Passive Mode: In passive mode, the sound of ATH-ANC9 changes significantly. The center of the midrange remains fairly similar to what you would hear with the ANC9’s noise-cancellation circuitry engaged, but the upper midrange and lower treble ranges both become more subdued, as do some lower midrange/upper bass frequencies. The upshot of this is that in passive mode the ANC9’s sound takes on a “hooded” or “closed-in” quality. The effect is somewhat like hearing a person speak from within the pulled-up hood of a big winter parka: you can still recognize the person’s voice, but the sound is definitely a little “off.” For this reason, I regard the ATH-ANC9’s passive mode primarily as a fail-safe option—a mode to be used only if the battery fails and you don’t have a spare one handy.
Noise Reduction Capabilities: In general terms, the ATH-ANC9 offers the most effective and most flexible noise reduction capabilities I’ve head from any active noise-cancelling headphone to date. Though I would never have wished this upon myself, I had a chance to test the ATH-ANC9’s absolute noise reduction capabilities in the aftermath of an incident where my office flooded during a torrential Texas downpour. As part of the clean up effort, a big, industrial “axial air mover” had to be placed under my desk to help dry things out, and it made my whole office sound like the wrong end of a wind tunnel (the racket was unbelievable). But I put on the ATH-ANC9s, flipped on the most aggressive noise reduction mode (Mode 1 or “Airplane Mode”), and to my surprise immediately experienced a reasonable facsimile of peace and quiet. With the Audio Technica 'phones in play, the turbine-like roar of the air mover sounded more like quiet “whish” of an air conditioning fan. That’s how effective the ATH-ANC9’s noise reduction capabilities can be. Now, let’s look at the specific effects of each of the ANC9’s noise reduction modes.
Mode 1 (“Airplane Mode”): Mode 1 yields substantial noise reduction, yet preserves a sound that leaves most of the midrange, upper midrange and high frequencies untouched. Because Mode 1 tackles noise that reaches upward to higher frequencies than the other two modes do (up to 300Hz for Mode 1 vs. 200Hz for Modes 2 and 3), Mode 1 had more impact on bass, upper bass, and some lower midrange frequencies, with the result that the ANC9’s slightly bass-forward character became even more pronounced. I suspect this might even be a deliberate strategy on the designers’ parts, where the intent might to pull down noise (via active noise cancellation) while also allowing a subtle level of bass boost to help lower frequencies rise above residual background noise.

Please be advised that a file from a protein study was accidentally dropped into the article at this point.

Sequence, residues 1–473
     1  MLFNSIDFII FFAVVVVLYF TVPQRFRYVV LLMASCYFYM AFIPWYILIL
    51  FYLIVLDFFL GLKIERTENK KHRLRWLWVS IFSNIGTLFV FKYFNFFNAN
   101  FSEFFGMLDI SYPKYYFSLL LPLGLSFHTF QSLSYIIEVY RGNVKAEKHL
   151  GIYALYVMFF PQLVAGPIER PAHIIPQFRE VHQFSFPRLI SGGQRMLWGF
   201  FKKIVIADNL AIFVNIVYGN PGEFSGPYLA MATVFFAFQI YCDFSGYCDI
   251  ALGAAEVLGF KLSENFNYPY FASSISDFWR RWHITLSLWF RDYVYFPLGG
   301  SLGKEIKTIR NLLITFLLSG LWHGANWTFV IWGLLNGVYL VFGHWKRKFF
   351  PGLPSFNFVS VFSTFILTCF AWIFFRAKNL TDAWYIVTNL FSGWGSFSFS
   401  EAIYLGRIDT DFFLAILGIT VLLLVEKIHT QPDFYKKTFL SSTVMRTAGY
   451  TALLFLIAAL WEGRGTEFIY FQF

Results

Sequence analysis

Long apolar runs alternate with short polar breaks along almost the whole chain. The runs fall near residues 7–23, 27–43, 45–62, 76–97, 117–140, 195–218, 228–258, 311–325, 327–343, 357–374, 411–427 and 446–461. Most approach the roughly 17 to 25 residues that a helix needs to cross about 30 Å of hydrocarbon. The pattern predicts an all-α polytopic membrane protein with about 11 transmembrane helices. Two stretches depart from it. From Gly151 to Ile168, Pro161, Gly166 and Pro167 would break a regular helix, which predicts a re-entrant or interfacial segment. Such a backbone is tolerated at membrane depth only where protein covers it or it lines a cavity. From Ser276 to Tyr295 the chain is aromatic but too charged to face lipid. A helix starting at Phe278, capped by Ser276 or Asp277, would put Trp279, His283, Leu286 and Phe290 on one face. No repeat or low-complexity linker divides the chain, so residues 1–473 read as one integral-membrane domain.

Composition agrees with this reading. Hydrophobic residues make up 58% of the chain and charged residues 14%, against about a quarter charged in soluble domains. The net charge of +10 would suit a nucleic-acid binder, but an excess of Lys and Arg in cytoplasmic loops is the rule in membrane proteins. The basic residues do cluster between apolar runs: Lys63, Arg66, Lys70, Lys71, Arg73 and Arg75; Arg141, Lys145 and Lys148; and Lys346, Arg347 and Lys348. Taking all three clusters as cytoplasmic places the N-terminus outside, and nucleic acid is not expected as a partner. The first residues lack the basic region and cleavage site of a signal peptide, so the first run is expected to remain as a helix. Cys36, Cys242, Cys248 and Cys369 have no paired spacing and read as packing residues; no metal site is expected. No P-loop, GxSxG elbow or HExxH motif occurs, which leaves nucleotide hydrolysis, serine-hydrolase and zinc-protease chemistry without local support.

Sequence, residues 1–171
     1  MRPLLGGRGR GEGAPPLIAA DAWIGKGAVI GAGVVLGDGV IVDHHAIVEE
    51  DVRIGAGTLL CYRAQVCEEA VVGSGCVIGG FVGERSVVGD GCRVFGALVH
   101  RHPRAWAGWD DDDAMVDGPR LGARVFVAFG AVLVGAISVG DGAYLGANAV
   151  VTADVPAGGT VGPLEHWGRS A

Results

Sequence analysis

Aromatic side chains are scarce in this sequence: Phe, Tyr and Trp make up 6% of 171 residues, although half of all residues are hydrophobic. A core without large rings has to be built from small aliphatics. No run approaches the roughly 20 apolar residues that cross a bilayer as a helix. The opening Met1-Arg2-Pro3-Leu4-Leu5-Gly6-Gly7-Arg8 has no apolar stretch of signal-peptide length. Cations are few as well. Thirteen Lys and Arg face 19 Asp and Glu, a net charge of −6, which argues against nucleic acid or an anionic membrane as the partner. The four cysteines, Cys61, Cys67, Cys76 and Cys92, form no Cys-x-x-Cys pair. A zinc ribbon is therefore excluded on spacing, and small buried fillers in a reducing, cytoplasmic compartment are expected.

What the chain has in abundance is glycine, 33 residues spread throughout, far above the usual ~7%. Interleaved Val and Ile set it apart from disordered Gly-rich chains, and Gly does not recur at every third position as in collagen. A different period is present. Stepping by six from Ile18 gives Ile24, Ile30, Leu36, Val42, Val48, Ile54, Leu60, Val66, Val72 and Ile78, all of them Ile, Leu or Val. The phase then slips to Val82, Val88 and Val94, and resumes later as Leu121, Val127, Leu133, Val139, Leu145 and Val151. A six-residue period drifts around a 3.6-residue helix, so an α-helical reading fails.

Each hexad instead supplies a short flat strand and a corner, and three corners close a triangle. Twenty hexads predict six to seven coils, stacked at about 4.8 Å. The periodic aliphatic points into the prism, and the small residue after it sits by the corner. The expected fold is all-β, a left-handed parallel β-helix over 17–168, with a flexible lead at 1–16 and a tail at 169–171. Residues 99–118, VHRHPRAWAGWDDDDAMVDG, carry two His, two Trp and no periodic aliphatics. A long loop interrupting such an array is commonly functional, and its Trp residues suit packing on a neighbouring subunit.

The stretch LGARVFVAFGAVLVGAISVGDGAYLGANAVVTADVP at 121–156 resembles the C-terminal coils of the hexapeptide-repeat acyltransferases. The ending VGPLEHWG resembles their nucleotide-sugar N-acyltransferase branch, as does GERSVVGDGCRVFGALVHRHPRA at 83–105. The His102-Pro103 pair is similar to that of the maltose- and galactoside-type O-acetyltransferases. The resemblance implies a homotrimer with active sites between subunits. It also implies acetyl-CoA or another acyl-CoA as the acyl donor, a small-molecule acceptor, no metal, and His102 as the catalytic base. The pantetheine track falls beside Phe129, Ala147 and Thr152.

Mode 2 (“Office Mode”): Mode 2 is in many ways similar to Mode 1 and offers about the same amount of noise reduction, but with this difference: Mode 2’s noise reduction effects do not reach as high up into lower midrange as Mode 1’s do (up to 200 Hz for Modes 2 and 3 vs. 300 Hz for Mode 1). The sonic upshot of this is twofold: flower midrange frequencies sound just a smidgeon more balanced with Mode 2 in play, while perceived bass emphasis (as noted for Mode 1) is less pronounced. Mode 2 is meant for use in office environments and in that context it provides a sound that is a little more accurately and naturally balanced than Mode 1 (though Mode 1 would no doubt be superior in noisier environments).
Mode 3 (“Study Mode”): Mode 3 is very similar to Mode 2, but with less aggressive noise reduction setting applied—a change that yields surprisingly audible benefits if you like to listen in already quiet, study hall-like environments. Mode 3 gives less dramatic noise reduction effect than Mode 1 or 2, but in exchange its sound tends to be significantly more open, transparent, and naturally balanced. To hear the ATH-ANC9 at its best, then, get to a reasonably quiet room and use Mode 3.
Some readers might ask if the differences between these modes are things only finicky audiophiles would notice, and answer is that the differences are easy to discern for experienced listeners and complete neophytes alike. In fact, it’s fun to watch people try the ATH-ANC9 for the first time; you’ll see them switching between modes until their eyes suddenly light up when they find the just-right mode for the environment at hand. The general rule is that Mode 1 (“Airplane Mode”) works best for noisy environments, while Mode 2 (“Office Mode”) or Mode 3 (“Study Mode”) is better for quieter environments. Let your ears be your guides.